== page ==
lactate dehydrogenase-I is the most active isozyme in these
cells. Kinetically,

  • lactate dehydrogenase-I factors other than, or in addition
    to, the regulation of carbohydrate metabolism
  • are involved in regulating the synthesis of lactate dehydrogenase subunits.

Abbreviations   LDH; lactate dehydrogenase

What is not examined to resolve the discrepancy (see the next item):

The Vessell paper was a challenge to the work in Nathan
Kaplan’s lab.  However, there is sufficient complexity revealed
in these works that there is no conceptual foundation.

  1. The analogy is to the loss of cell nuclei in crystallin lens
    fiber formation with the LDH-H type subunits (aerobic?)
  2. The findings are reproduced in several laboratories.
  3. In the lens, glucose is catabolized primarily to lactic
    acid, and is not appreciably combusted to CO2
    (J Kinoshita. Glucose metabolism of Lens)
  4. However, synthetic processes, including nuclear DNA and
    cell replication requires TPNH. This is produced by means
    of the Pentose Shunt.
  5. The most favorable conditions for the lens are achieved
    by incubating in a medium containing glucose in the
    presence of oxygen. Under these conditions of
    incubation (Kinoshita)
  • the lens remains completely transparent,
  • it maintains normal levels of high energy phosphate
    bonds and cations, and
  • it shows a high rate of arginine incorporationinto protein.

incubation in the absence of glucose, but in the presence of oxygen

  • a haze is found in the lens,
  • a drop in high energy phosphate level is observed, and
  • Changes in cation levels are apparent.
  • A 50 percent decrease in the incorporation of arginine
    into lens protein is also observed.

the most unfavorable condition for the lens is an anaerobic
incubation in a medium without glucose

Pirie2 observed that a-glycerophosphate is one of the end products
of lens metabolism. Its oxidation with DPN as the cofactor could
channel its electrons directly into the ETC to produce energy without
involving the Krebs cycle. a-Glycerophosphate is formed from intermediates of the glycolytic scheme by reduction of dihydroxy-
acetone phosphate, one of the triose phosphates produced in
glycolysis.

the dehydrogenase of the mitochondria catalyzes the transfer
of elections to form DPNH by the following reactions:

a-glycerophosphate + DPN+ ± dihydroxyacetone ……..

phosphate + DPNH.

The DPNH is channeled into the oxidative phosphorylation
mechanism to form ATP. The dihydroxyacetone phosphate
then diffuses out into the soluble cytoplasm, interacts with
the glycolytic intermediates by the reversal of the above reaction,

  • and the cyclic mechanism is begunover again.

That this type of electron transport system functions in the
lens was proposed by Pirie.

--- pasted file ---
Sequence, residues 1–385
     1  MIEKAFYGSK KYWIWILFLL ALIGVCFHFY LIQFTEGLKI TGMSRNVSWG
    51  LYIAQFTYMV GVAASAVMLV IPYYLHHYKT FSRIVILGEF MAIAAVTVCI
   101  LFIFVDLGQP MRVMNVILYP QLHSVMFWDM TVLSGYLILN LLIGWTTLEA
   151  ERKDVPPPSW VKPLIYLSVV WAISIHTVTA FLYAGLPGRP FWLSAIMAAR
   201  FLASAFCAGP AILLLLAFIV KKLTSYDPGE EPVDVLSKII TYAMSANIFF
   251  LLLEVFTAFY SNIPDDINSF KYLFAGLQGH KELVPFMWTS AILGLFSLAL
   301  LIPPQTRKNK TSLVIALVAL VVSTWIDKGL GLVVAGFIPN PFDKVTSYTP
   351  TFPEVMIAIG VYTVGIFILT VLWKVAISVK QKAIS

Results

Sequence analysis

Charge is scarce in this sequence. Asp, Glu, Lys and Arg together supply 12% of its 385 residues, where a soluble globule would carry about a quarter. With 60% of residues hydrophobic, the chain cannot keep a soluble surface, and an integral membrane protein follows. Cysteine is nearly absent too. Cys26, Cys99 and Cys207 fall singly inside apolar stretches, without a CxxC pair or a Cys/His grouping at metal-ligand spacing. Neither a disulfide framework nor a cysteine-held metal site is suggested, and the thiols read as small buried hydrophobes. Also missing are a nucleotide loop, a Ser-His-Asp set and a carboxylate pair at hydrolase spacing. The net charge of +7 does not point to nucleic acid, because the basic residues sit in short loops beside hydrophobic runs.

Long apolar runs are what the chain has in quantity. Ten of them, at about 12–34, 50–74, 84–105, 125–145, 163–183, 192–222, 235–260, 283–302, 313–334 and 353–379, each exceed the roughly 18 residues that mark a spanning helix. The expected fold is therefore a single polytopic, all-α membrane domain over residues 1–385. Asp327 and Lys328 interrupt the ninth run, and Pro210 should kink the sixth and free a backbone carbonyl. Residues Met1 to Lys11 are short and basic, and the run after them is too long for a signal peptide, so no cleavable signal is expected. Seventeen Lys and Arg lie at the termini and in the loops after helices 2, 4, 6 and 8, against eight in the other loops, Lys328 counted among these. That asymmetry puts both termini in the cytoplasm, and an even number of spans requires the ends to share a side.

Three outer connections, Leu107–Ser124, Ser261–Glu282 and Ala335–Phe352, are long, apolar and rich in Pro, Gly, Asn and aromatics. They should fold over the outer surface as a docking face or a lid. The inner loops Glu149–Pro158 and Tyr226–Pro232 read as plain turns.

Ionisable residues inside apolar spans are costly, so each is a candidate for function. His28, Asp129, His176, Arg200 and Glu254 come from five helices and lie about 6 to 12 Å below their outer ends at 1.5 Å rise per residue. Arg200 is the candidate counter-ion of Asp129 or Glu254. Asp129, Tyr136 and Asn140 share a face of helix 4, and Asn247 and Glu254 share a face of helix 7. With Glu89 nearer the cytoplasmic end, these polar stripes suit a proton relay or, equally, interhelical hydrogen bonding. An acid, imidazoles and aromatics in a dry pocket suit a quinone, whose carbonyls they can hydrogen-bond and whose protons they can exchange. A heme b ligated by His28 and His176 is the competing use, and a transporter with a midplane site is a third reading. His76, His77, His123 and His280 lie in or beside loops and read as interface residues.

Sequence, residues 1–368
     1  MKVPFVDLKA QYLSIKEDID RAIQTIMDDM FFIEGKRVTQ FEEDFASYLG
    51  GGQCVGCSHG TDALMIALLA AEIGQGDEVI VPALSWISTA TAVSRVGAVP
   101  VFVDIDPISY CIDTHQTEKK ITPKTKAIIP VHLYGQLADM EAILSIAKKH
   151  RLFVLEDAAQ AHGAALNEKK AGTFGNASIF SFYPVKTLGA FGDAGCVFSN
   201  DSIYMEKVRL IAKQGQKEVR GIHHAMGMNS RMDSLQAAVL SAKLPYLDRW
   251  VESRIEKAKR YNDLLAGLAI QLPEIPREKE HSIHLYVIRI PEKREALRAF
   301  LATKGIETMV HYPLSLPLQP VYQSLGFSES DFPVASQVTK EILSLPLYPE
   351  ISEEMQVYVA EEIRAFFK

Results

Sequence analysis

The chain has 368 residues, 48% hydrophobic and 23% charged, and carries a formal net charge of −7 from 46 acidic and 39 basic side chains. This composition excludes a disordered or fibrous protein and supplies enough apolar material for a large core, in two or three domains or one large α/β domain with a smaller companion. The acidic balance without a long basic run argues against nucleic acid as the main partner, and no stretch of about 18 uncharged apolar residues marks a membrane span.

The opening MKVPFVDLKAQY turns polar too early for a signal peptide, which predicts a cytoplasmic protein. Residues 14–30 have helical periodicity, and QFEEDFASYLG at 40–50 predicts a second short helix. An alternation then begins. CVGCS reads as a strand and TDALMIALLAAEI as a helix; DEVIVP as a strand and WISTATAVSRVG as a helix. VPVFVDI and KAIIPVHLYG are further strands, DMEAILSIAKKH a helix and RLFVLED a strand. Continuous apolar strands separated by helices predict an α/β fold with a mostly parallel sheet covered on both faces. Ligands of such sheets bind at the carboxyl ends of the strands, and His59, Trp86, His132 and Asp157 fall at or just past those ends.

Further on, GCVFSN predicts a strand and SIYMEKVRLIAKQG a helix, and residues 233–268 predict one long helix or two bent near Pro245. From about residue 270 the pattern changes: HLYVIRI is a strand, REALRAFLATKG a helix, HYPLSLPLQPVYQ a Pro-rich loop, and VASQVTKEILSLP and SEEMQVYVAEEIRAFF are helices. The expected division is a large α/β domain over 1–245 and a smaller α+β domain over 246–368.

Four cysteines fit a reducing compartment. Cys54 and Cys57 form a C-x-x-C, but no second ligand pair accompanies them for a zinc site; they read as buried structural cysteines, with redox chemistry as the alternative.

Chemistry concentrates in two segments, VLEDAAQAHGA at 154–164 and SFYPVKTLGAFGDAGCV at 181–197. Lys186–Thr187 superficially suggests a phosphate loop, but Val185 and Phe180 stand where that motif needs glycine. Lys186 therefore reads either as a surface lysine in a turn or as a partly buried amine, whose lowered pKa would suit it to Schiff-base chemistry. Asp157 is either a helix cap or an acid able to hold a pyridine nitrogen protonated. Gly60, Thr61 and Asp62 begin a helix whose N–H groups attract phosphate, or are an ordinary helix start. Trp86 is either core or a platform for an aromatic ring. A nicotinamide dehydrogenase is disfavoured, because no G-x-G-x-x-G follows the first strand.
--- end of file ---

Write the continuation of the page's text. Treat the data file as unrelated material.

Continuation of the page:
http://www.iovs.org/content/4/4/619.full.pdf

Lactate dehydrogenase activity and its isoenzymes in
concentric layers of adult bovine and calf lenses.
  
Sempol DOsinaga EZigman SKorc IKorc BSans ARadi R, et al.
Curr Eye Res. 1987 Apr;6(4):555-60.

The activity of lactate dehydrogenase (LDH) and its isoenzyme
pattern were studied in four concentric layers of adult
bovine and calf lenses. In both groups the specific activity of
the total LDH diminished progressively toward the internal
nuclear layer; the decrease was greater in the adult lenses.
The enzyme activities in the cortical layers of the calf lens
were lower than in the adult lens, but in the inner nuclear layers,
the opposite was found. All of the 5 LDH isoenzymes were found
in each layer. In both groups of animals the LDH1 isoenzyme
prevailed, followed by LDH2. No differences were found in the
percentage of each isoenzyme in the different lens layers.
The differences in the activitie(s) of LDH found may be due

  • to post-translational or post-synthetic modifications which
    may occur during the aging process.

Structural basis for altered activity of M- and H-isozyme
forms of human lactate dehydrogenase.

Read JA1, Winter VJEszes CMSessions RBBrady RL.
Author information  Proteins. 2001 May 1;43(2):175-85

Lactate dehydrogenase (LDH) interconverts pyruvate and
lactate with concomitant interconversion of NADH and NAD(+).
Although crystal structures of a variety of LDH have previously
been described, a notable absence has been any of the
three known human forms of this glycolytic enzyme. We have
now determined the crystal structures of two isoforms of
human LDH-the M form, predominantly found in muscle; and
the H form, found mainly in cardiac muscle. Both structures
have been crystallized as ternary complexes in the presence
of the NADH cofactor and oxamate, a substrate-like inhibitor.

Although each of these isoforms has different kinetic properties,
the domain structure, subunit association, and active-site regions
are indistinguishable between the two structures.

The pK(a) that governs the K(M) for pyruvate for the two isozymes
is found to differ by about 0.94 pH units, consistent with variation in
pK(a) of the active-site histidine.

The close similarity of these crystal structures suggests the distinctive
activity of these enzyme isoforms is likely to result

  • directly from variation of charged surface residues peripheral to the active site,
  • a hypothesis supported by electrostatic calculations based on each structure.

Proteins 2001;43:175-185.

Mechanistic aspects of biological redox reactions involving NADH.
Part 4. Possible mechanisms and corresponding intermediates for
the catalytic reaction in L-lactate dehydrogenase

J Molec Structure: THEOCHEM,25 Feb 1993; 279, Pp 99-125
Kathryn E. Norris, Jill E. Gready

The catalytic step in the conversion of pyruvate to L-lactate in the
enzyme L-lactate dehydrogenase involves the transfer of both a
proton and a hydride ion (A.R. Clarke, T. Atkinson and J.J. Holbrook,
TIBS, 14 (1989) 101.) However, it is not known whether the